Not much about Belize, not even a mundane post office, is what you expect.
Based on my experience with U.S. post offices—where a main requirement would seem to be low IQ, where “Can I help you?” is less a question than a profanity, and where accurate mail forwarding is a fantasy—the Belizean version is an improvement.
Like everything else in Belize, it’s colorful, quirky, and personal.
When my husband and I arrived in late December 2015, I went to the post office to arrange for a P.O. box. I had my American driver’s license with me but not my passport. The man behind the single-screened window, whom I now consider a casual friend, refused to rent a box to me because, he insisted, I need to show my passport. He helpfully handed me the application form with the requirements listed on the back.
In fact, it specified that either a passport or a driver’s license is acceptable for identification.
Welcome to Belize, where all rules and laws are subject to personal interpretation.
Accidentally, though, my postman friend had been very helpful. Belizean P.O. boxes (the only way to receive mail here) rent from Jan. 1 to Dec. 31. I would have been wasting money to rent one on Dec. 28, as I would have had to pay again starting Jan. 1. At BZ$40 per year (or BZ$80 for a larger box; US$20 and US$40, respectively), it’s hardly a bank-breaker, but it would have been frustrating to have to go through the process twice and pay again.
My postman friend in San Ignacio—which provides P.O. boxes to those living in outlying areas like Santa Familia, Duck Run 1, 2, and 3, Billy White, and other nearby villages—is a slight, bouncy chap who clearly enjoys his job. He has dark curly hair and a beard that reminds me of a young Cat Stevens.
When delivering to me a bundle of letters large enough to qualify as a package and hence require inspection (BZ$1.75), he asked for my ID.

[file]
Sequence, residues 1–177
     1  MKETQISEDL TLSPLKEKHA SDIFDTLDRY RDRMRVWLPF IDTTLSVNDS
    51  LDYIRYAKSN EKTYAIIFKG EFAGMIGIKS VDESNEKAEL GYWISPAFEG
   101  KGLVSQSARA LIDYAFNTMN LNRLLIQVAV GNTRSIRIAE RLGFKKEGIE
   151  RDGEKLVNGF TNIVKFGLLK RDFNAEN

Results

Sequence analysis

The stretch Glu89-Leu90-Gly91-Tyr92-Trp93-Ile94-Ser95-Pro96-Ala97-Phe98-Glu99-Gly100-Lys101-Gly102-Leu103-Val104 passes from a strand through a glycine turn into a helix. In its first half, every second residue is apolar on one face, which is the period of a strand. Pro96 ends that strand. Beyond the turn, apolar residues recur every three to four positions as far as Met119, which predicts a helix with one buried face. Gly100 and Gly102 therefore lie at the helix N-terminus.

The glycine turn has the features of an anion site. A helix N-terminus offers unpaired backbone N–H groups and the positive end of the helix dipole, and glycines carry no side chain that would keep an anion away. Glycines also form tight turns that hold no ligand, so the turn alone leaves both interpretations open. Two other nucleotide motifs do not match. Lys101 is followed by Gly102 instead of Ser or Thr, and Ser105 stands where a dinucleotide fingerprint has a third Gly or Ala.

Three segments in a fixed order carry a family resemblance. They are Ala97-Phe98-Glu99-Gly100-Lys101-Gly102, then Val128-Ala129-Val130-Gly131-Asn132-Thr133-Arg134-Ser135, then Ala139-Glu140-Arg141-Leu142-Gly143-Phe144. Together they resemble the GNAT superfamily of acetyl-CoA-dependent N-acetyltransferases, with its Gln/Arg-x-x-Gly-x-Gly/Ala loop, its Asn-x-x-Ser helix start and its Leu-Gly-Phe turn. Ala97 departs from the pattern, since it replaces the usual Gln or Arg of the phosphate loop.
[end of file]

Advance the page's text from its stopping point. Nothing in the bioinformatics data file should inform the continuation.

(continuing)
“I have to get familiar with you,” he said.
What kind of familiarity does he have in mind… I wondered… but kept my thoughts to myself.
I don’t blindly trust government mail services anywhere, but, to my knowledge, I’ve had everything delivered to me here in Belize just fine, including a U.S. tax refund and other love letters from the IRS, Medicare bills, bank statements, and packages of forwarded mail, large and small. Small packages show up in my box, but larger packages can require inspection.
Mail to and from Belize is as reliably slow as it seems to be reliable overall. When paying bills to folks in the States, I warn them it may take two or more weeks for the check to arrive. Where the mail spends its time en route is anyone’s guess—I’ve heard rumors it lingers in Belize City for unknown reasons.
I recently found that sending mail to Belize from abroad can be an interesting proposition. The post office in Montpellier, France, charged me 36 euros (US$44) to send a small package (less than a kilo) to Belize.
“It’s not well-served,” the clerk explained to me, as if that justified charging me almost more than what the packet of books and used clothing was worth.
If you’re stocking up on envelopes before moving to Belize, the only ones worth bringing are the kind you peel the strip off to seal. The humidity here is so high that any others tend to seal themselves while still empty. I have thrown away a whole box of 500 “self-sealed” envelopes… which proved a bit too eager to self-seal.
The same goes for those PIN numbers the bank sends with the tape you pull off after scraping them with a coin—they tend to disintegrate in the humidity before you can read them.
The only mailbox I have seen resides in the Philip Goldson International Airport. It’s a relic of colonial days, complete with the shiny red paint job reminiscent of British Royal Mail. Because there are no other mailboxes around, mailing anything requires a trip to the post office, which you may find closed if you forget you’re in Belize. It closes for at least an hour at lunch, at 4 p.m. Monday through Thursday, and at 3 p.m. on Friday.
Saturday? Forget about it!
The prices for these somewhat limited services are reasonable. It cost me BZ$15 (US$7.50) to mail a paperback book weighing 1 pound all the way to Europe. Letters are priced based on the number of sheets rather than the weight. One sheet is BZ$1.10 (55 U.S. cents), and each additional sheet adds 50 Belizean cents to the tab.
Postcards to the United States are a global postal bargain as far as I can tell. They cost a mere 30 Belizean cents (15 U.S. cents). When was the last time you bought anything for 15 cents in a post office anywhere in the world?
After getting used to having my P.O. box as my only address here in Belize, it became tempting to use that address for any item shipped from the States. Resist this temptation. DHL and UPS do not deliver to P.O. boxes in Belize.
You can receive shipments at the DHL and FedEx offices in downtown San Ignacio, but, if you order something to be shipped via UPS, you’ll have to go to Belize City (a two-hour drive each way) to pick it up.